The State Department of ICT, Telkom Kenya and its “DARE 1” (Djibouti African Regional Express) partners have concluded the first raft of commercial negotiations in Djibouti, paving way for the manufacturing process and associated material.
The consultative meetings kicked off post the completion of a 35-day survey in the last week of January 2019, an endorsement of the implementation of the proposed 36TB Terabyte fibre cable, projected to run approximately 4,000km interconnecting Kenya to Djibouti.
During the visit, the Kenyan delegation led by Mr Jerome Ochieng – Principal Secretary, State Department of ICT and Dr. Kate Getao – CEO, ICT Authority, the delegation sought redundancy link connectivity, discussed competitive cross-connect and IP traffic transit costs between Djibouti and Mombasa, including capacity development and skill transfer.
Mr Ochieng said: “We expect the consultation and negotiations to take a couple of months between the DARE 1 consortium members, including the landing party partners with Telkom as a key stakeholder. Thanks to these negotiations, the region is closer to a digital economy from affordable Gigabit services in the region.”
As the landing partner for the DARE 1 cable, this cements Telkom Kenya’s data carrier position in the region with the bigger capacity on the fibre optic cable delivered on newer technology.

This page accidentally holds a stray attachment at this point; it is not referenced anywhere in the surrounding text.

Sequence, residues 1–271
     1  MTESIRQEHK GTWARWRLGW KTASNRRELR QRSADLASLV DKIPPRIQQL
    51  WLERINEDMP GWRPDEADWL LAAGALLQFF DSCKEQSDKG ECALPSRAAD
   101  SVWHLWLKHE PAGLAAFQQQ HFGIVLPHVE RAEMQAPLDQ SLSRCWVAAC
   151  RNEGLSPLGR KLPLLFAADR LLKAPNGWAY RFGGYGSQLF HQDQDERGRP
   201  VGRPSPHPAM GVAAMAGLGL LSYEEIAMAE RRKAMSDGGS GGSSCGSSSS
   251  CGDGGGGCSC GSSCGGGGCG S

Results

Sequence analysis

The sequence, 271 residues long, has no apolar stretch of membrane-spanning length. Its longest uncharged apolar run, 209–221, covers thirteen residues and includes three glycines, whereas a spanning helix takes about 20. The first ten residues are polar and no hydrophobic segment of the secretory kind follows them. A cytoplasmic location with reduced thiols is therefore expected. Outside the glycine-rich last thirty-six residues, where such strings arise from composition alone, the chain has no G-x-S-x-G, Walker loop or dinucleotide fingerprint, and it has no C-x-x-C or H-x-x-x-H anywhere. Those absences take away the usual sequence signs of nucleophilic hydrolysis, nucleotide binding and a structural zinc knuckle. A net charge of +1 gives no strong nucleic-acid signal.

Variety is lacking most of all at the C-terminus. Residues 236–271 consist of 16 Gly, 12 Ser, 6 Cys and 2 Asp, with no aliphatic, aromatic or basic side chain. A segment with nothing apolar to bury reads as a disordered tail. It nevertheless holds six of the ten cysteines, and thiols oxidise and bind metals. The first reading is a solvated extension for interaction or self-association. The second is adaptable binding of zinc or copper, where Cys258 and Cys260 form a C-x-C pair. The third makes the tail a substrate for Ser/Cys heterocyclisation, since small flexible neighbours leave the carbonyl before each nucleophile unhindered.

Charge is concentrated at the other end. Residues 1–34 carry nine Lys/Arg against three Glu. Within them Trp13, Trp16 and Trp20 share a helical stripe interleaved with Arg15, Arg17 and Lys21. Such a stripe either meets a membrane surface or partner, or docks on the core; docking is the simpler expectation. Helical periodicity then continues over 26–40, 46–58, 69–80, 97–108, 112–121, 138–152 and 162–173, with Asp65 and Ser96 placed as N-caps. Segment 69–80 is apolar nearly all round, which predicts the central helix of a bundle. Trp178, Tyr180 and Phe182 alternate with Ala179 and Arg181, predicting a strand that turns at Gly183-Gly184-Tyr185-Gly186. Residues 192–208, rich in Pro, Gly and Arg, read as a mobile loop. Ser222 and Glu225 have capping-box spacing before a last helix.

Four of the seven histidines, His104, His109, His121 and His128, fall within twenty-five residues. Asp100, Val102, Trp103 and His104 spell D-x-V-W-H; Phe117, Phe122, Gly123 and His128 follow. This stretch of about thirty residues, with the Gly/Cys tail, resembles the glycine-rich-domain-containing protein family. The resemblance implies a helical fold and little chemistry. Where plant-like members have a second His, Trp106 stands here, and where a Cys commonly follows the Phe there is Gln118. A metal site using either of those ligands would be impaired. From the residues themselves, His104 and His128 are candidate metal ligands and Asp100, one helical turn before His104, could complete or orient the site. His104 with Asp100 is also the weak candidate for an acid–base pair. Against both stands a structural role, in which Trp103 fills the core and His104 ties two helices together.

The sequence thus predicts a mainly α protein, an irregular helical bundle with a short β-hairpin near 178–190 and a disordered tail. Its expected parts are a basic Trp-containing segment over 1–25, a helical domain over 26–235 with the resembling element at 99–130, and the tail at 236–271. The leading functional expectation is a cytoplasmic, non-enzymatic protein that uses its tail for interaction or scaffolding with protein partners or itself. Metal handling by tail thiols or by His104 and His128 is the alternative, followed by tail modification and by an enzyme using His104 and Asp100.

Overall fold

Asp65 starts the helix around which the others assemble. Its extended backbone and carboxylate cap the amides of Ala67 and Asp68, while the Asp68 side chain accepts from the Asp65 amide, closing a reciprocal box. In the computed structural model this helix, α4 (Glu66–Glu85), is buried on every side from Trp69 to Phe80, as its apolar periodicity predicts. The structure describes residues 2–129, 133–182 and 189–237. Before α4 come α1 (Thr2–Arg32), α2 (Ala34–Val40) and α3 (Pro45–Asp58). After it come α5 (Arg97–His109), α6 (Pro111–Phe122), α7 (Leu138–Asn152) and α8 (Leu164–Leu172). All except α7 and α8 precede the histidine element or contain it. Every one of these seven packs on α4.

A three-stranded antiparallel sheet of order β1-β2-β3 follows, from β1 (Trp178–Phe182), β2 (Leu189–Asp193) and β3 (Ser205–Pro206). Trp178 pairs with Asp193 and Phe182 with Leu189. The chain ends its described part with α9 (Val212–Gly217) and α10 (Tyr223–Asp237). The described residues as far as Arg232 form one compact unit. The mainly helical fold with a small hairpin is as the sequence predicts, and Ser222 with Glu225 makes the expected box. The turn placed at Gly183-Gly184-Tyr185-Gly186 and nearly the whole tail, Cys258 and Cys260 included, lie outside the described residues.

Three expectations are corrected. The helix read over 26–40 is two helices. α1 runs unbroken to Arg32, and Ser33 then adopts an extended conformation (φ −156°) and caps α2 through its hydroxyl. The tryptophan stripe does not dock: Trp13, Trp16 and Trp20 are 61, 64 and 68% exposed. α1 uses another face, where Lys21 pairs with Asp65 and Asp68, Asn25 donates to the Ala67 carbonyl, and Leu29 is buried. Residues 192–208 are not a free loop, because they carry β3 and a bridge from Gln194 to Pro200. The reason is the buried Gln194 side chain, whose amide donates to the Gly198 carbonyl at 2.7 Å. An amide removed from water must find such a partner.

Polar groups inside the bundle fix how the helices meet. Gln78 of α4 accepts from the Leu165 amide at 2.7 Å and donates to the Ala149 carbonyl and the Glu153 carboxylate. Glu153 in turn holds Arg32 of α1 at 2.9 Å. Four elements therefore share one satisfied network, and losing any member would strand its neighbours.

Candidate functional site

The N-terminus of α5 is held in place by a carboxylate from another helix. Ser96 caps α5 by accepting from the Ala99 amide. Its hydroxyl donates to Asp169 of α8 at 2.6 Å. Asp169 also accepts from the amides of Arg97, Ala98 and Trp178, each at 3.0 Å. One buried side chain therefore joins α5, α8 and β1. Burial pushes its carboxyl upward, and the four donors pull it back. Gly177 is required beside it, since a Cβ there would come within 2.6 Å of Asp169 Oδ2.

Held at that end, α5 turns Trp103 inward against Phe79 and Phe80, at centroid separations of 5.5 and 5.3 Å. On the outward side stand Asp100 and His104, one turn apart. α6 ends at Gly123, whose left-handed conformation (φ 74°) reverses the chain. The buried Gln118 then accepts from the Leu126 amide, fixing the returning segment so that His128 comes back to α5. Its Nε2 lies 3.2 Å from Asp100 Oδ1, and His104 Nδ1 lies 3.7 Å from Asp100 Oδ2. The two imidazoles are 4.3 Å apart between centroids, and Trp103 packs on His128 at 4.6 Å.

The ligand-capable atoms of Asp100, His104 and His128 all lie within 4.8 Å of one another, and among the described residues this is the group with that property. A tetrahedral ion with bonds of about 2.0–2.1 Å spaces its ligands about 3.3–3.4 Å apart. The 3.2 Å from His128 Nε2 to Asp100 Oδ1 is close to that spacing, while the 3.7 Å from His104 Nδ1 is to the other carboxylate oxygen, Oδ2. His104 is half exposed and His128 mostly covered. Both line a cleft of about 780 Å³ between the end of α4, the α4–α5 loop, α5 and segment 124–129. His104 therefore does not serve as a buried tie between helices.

According to Mr Mugo Kibati – CEO, Telkom, the cable comes at a time when most cables are coming to the end of their lifeline, which usually ranges between 15-20 years. It also provides a redundant international connection on newer and more reliable technology and the biggest capacity in the country, which is an essential boost to the region’s digital economy.
Mr Kibati said: “Telkom is excited to conclude the landing party agreement with Djibouti Telecoms considering the benefits it has in store for the country. This investment offers diversity in the routing of traffic and also provides for fibre continuity, considering the risk at the high seas.”
The development of regional backbones such as the DARE 1 will increase access to data in the region, with eventual gains being realised on cost for the end consumer.
Telkom Kenya owns a 23% stake in TEAMs, a 5,000km undersea fibre optic cable through Fujairah, UAE; a 10% stake in LION2 another 2,700km undersea fibre optic cable through Mauritius.
It also owns a 2.6% stake in the East African Submarine System Cable and manages the National Optic Fibre Backbone, an inland fibre optic cable network running through Kenyan counties.